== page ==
If Elvis Presley had a child with a Texan drag queen, it would be something close to The Sex Cult Cousins’ frontman Tommy Bradson. Backed by Adelaide guitarist Sam Leske, Bradson sings of cocks, cults and werewolves.
Nudity and coarse language were promised in the show’s blurb, and expectations are high for a raucous, genre-bending experience. This three piece band, however, is doing anything but challenging the rock n roll scene. The language warning was warranted, and references to ‘Black Betty’ are swiftly flipped around to a new, filthier understanding.
The band is tight and their timing is impeccable. Leske’s fingers fly across the fretboard with ease, but the songs themselves are basic and formulaic in their structure, making for a predictable set. These classic rock songs are catchy, and the choruses are easily sung along to. Bradson has a clear voice with gravely overtones which work well for their rock n roll style.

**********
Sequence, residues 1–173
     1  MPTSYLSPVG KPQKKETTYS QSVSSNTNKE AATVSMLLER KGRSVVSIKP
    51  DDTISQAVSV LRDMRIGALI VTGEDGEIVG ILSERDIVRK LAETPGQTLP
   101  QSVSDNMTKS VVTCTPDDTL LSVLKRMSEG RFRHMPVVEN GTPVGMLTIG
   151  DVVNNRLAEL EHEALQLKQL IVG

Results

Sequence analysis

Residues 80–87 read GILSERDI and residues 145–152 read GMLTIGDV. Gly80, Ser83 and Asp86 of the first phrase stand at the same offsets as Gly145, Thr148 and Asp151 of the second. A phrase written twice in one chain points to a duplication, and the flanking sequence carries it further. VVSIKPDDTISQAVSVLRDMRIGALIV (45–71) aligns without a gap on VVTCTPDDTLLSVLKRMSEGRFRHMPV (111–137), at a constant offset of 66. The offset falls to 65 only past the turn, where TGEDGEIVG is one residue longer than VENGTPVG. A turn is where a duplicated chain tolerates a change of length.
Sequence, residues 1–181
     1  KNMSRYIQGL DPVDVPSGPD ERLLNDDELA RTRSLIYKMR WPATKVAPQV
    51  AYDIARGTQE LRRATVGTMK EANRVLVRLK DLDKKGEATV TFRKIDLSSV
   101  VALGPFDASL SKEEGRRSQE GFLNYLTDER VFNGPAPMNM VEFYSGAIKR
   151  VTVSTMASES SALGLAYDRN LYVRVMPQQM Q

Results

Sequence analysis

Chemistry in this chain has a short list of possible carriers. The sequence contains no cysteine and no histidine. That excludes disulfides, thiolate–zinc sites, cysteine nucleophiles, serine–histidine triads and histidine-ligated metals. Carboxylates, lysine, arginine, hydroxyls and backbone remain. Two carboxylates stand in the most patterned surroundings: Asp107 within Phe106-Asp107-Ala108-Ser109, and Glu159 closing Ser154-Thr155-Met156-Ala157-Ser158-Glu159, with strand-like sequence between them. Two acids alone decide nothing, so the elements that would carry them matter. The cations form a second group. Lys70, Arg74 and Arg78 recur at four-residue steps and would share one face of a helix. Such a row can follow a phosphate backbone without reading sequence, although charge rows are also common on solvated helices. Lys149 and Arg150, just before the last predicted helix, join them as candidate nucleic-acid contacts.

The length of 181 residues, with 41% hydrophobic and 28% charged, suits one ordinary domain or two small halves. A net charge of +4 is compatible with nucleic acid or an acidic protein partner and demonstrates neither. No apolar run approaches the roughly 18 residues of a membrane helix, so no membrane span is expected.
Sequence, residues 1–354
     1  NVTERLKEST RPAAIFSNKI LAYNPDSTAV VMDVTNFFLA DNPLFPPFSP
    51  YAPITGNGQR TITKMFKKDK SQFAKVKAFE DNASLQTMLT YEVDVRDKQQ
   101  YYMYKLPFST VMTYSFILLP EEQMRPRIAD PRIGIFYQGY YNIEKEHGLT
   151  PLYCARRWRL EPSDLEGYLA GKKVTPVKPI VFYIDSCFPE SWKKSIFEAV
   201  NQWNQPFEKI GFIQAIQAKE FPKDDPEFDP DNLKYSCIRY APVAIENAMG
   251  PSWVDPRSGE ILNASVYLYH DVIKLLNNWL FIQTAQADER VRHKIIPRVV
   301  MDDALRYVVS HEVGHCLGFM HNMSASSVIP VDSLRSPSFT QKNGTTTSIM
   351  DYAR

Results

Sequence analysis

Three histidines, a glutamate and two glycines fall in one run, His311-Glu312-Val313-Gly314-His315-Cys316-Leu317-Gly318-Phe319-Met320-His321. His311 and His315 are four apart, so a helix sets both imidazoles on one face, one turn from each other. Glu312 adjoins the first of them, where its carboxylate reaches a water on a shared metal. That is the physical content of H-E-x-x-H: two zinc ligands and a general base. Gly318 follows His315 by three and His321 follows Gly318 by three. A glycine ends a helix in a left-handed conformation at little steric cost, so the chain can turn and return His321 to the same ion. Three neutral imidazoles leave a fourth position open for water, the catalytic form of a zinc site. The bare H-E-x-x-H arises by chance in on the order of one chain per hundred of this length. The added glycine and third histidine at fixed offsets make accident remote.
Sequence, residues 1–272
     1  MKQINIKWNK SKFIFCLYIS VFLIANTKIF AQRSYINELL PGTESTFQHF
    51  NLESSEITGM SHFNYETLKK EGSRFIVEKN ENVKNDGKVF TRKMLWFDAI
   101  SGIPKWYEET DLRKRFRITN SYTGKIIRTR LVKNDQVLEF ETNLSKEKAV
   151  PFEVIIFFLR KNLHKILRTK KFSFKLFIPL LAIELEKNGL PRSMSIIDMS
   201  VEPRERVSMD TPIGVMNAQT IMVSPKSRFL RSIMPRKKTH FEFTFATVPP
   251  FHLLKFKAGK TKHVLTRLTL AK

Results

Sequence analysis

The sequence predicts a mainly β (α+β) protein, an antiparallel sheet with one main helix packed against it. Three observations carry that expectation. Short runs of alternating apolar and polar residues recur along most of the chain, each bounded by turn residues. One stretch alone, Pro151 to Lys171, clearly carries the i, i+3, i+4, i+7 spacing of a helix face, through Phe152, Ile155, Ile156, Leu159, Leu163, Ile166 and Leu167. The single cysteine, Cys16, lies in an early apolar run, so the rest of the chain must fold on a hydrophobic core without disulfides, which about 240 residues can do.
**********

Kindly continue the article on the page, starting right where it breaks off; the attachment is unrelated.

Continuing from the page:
An acoustic ballad from Bradson breaks up the short, fast, loud pace of the set with surprising sincerity, before breaking into another ‘banger’. The band keeps its promise of explicit language within their set, and they are clearly talented and energetic, but they lack any message tying the set together and fail to produce genre-challenging content. Their talent, however, makes for an enjoyable yet emulative experience.